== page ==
Metathesiophobia is the fear of change. While most of us don’t suffer from full-blown Metathesiophobia, all of us, to varying degrees, resist change. Even when a change is something we would categorise as good, (for example, marriage or retirement) it can cause us stress. And on the Holmes & Rahe stress scale, which rates life events that contribute to illness, business adjustment scores higher than death of a close friend.
With change now acknowledged as having the potential to impact significantly on an individual’s well-being and performance, there is an increasing demand for change-agent executives to drive transformational change: basically, people who can manage their staff’s tendency to default to better-the-devil-you-know. And if you’re running a small business, change management is a skill you need to develop.
But what does change management Involve, and what are the skills required to successfully engineer change?
According to the Harvard Business Review, a change-agent executive is continuously looking for improvement: for organisational upgrades; to strengthen processes and systems; to improve commercial relationships; and to increase market share. But more importantly, when a business finds itself on the wrong course, or becalmed, an effective executive must be a bold captain and bring about sweeping – sometimes unpopular – changes to correct that course.
However, these types of changes can result in personal changes to the way people work, which can be unsettling, even upsetting, and it is vital not to mismanage this as it could lead to morale being undermined.
Developed from Elisabeth Kubler-Ross’s five-stages-of-grief model, the Change Curve shows how employee performance changes as they pass through three stages of change: these are shock, depression and acceptance.
Phase 1: Shock
This initial reaction can cause a temporary dip in productivity. The main reason for Shock is a lack of information; it breeds a fear of the new. Key to mitigating Shock is clear communication. It’s important to explain fully what the changes will be and why they are being made, paying particular attention to the benefits the changes are intended to bring. Make the vision for the new course the business is taking inspiring and one that the team will seek to support and drive forwards.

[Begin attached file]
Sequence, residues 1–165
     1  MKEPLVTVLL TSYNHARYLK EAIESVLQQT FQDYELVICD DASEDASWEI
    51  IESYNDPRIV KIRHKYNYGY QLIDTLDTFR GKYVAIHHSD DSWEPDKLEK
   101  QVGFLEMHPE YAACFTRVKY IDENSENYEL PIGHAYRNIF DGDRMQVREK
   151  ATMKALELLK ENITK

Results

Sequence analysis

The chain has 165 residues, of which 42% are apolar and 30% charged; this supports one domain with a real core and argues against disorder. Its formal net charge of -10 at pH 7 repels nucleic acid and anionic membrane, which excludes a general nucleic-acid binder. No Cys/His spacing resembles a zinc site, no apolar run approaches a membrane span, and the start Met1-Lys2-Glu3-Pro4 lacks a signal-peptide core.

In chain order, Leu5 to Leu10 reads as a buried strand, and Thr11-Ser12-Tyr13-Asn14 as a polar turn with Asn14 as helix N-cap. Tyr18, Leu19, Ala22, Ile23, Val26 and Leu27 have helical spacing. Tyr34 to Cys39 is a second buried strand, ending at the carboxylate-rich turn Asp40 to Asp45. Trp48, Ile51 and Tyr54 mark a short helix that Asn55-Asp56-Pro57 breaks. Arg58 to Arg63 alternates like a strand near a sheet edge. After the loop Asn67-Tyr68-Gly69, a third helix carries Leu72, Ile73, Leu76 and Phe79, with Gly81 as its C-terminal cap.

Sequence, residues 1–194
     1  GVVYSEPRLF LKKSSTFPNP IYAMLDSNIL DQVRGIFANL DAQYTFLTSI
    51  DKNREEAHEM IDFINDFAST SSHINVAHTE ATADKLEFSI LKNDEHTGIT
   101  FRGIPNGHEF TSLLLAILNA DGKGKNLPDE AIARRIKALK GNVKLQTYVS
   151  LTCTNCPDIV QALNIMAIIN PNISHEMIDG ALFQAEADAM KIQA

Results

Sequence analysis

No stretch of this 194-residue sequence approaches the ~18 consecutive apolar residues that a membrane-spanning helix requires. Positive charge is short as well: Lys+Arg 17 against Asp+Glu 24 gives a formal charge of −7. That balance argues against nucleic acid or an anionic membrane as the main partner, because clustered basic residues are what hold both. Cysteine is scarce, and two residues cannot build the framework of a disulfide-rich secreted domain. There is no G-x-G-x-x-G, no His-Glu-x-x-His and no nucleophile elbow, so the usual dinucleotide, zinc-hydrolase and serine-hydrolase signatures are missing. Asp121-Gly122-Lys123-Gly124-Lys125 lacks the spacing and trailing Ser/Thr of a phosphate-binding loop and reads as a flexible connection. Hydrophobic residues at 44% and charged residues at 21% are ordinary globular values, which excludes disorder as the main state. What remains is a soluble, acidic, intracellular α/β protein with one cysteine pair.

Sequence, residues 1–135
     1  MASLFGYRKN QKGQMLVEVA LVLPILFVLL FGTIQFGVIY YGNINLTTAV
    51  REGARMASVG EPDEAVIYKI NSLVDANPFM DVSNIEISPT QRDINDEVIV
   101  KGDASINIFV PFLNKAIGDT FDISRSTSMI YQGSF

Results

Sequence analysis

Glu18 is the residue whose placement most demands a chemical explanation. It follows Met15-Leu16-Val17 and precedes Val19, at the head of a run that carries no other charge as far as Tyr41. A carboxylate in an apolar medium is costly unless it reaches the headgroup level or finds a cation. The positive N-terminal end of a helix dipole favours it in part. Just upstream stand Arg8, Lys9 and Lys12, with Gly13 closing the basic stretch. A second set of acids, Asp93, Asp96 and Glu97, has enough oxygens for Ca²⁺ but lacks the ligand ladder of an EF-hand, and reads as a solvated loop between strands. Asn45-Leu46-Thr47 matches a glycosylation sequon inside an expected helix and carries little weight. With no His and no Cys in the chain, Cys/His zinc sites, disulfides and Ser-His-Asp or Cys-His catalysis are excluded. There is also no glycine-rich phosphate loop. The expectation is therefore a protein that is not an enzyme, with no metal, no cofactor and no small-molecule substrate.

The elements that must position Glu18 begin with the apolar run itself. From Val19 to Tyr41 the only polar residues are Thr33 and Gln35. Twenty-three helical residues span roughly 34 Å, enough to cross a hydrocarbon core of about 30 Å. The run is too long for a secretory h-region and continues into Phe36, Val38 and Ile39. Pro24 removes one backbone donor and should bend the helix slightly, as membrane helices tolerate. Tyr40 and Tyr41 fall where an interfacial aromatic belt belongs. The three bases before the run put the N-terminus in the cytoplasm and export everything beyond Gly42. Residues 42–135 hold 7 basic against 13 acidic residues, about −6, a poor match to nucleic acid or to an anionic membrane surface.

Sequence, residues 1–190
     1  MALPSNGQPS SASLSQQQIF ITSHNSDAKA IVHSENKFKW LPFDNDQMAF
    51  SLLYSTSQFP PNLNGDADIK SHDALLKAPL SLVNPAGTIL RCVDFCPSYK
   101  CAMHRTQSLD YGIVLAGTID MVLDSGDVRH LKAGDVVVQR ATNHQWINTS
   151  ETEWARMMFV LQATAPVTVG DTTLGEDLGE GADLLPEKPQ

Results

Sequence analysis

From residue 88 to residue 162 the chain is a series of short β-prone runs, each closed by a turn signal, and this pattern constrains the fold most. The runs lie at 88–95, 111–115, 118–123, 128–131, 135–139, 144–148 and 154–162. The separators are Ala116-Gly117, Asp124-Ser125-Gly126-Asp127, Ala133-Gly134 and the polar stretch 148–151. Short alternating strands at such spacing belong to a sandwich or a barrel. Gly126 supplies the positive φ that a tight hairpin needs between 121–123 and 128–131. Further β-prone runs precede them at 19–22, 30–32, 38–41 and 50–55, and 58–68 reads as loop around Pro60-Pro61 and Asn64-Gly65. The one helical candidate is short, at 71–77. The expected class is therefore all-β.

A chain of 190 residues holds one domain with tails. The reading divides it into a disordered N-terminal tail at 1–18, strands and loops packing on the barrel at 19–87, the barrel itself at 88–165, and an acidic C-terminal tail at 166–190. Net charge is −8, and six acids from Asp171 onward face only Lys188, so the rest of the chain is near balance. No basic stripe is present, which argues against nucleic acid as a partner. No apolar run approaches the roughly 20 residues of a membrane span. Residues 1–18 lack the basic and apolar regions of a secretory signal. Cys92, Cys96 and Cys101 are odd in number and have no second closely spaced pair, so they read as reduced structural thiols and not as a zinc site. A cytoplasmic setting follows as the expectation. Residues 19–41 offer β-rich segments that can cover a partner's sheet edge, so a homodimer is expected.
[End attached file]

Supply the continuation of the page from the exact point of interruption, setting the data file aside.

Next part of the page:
Start with a programme to test the initiative. The aim is to identify and clarify assumptions and to refine the vision and the mission. This will allow you to make appropriate adjustments to the process.
Phase 2: Anger/Depression
This stage sees frustrated employees look for a scapegoat: someone, or something, to focus their anger on. Scepticism, suspicion, isolation and apathy are common. Small issues or problems that come about because of newly implemented changes can be focused upon, often to the detriment of greater goals.
Mitigating these complex feelings and frustrations is also achieved through communication. It’s vital that a business leader continues to talk up the reasons for the changes. It’s also important to ensure members of the team know they’re not alone in experiencing a mix of emotions. Appropriately empower your staff by making them stakeholders in the project and encourage feedback at every stage.
A phased approach is also advisable; plan small, well-defined projects that will bring the ultimate change closer.
Phase 3: Acceptance
When employees accept that the changes are inevitable and are in fact for the best, they will embrace the new opportunities. Their energy and productivity will not only return, they will reach higher levels. As the changes become fully integrated into the business’s day-to-day processes, staff will become more optimistic and the new course the company is on will become the new reality.
Great businesses know that markets, and the companies in them, evolve continually, and sometimes with a disruptive step change. When everyone knows why changing is an imperative, then sustainable profits can abound and costly mistakes will disappear.
About William Buist
William Buist is a Business Strategist, Speaker, and founder of the exclusive xTEN Club – an annual programme of strategic activities for small, exclusive groups of business owners.